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15 November 2018 @ 03:37 pm
The Ice Demon and the Red Skull 2  

Loki nearly backed out three times on the doctor's -- once in the morning, when he thought about slipping into another universe during his run with Steven, the second time when he considered taking the wrong train on purpose, and the third where he stopped on the pathway up to the faux Colonial-style low-rise building where the office was.

"You can do this," Steven told him.

"Of course, I can. The question is whether I wish to," Loki replied. "And the answer is very much 'no'."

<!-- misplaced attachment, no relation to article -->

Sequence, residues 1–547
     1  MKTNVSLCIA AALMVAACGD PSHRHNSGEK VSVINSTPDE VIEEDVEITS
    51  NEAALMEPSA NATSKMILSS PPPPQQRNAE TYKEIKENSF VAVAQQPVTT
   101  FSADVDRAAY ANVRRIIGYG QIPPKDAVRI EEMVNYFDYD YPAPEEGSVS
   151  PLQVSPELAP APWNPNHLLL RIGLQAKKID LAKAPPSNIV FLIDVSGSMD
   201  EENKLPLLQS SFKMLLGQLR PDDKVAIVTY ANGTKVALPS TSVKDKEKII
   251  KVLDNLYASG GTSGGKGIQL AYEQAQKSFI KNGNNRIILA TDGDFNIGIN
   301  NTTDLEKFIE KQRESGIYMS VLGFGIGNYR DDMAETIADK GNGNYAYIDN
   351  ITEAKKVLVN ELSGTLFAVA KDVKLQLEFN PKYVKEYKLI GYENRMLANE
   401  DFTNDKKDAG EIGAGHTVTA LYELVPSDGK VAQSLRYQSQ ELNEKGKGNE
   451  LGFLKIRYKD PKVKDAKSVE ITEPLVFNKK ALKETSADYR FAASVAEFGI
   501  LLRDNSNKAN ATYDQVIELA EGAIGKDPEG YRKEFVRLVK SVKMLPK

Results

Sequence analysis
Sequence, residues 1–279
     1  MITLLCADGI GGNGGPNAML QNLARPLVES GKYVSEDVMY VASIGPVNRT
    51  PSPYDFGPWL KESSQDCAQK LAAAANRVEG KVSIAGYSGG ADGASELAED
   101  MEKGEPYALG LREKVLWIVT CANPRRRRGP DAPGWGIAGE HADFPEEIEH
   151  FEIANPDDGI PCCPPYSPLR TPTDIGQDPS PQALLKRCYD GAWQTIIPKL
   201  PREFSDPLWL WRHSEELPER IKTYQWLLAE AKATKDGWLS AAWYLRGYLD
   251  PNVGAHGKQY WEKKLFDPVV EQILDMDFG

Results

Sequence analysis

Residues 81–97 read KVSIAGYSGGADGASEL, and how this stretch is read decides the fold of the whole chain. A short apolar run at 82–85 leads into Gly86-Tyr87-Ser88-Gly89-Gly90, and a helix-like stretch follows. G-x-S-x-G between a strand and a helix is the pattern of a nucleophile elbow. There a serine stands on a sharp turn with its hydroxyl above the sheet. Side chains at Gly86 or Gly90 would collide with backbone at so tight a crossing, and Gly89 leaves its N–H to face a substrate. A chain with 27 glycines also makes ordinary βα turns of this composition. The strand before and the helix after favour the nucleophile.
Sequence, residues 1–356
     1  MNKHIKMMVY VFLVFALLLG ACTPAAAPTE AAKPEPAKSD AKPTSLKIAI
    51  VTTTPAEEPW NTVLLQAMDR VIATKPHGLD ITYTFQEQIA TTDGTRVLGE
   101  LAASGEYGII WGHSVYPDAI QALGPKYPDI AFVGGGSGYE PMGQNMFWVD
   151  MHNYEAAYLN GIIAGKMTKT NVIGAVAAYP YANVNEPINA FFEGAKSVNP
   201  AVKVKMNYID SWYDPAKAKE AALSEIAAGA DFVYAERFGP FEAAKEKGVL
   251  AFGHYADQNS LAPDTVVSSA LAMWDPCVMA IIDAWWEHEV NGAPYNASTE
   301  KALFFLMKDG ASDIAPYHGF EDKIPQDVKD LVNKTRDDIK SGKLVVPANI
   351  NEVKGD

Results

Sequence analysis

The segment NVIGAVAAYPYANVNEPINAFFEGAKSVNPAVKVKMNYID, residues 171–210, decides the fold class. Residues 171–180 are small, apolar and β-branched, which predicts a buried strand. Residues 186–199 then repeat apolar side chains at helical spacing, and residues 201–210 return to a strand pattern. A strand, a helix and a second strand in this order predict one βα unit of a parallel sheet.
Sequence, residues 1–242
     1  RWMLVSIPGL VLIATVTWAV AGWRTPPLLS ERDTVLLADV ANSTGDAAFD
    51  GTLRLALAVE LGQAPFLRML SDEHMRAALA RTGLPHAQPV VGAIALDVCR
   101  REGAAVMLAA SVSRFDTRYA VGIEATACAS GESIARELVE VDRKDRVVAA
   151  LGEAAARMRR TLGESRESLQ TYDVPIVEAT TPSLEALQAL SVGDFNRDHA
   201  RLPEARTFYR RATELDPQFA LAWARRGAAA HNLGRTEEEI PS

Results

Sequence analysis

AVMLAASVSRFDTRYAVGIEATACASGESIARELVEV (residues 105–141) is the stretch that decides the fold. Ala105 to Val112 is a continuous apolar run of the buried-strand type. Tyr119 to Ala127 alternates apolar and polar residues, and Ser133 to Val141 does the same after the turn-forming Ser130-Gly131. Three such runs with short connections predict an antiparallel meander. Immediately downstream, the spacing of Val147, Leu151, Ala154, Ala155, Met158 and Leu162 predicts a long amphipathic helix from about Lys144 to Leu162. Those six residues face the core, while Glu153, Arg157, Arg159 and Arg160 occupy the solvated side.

"Do you want to go back to the apartment?" Steve asked, very patiently. Far more patiently than Loki wanted, since he'd rather provoke a fight. A nice brawl in the middle of the quiet side street might ease the tension inside him quite nicely.

But faced with a question he had to answer, Loki had to admit, "No. That seems like .... giving in. And I don't want to do that either."

Satisfied that Loki wasn't really quitting, Steve's hand closed on Loki's shoulder. "Come on."

Loki walked up the steps to the wide front porch, straight to the door without hesitating. Inside there was a short entry hall that went straight to the back, he could see daylight on the other side through the small window.

The door on the left had a small sign on it "reception" and Loki opened it. He paused there. "I can do this," he said to Steve. “You can go back."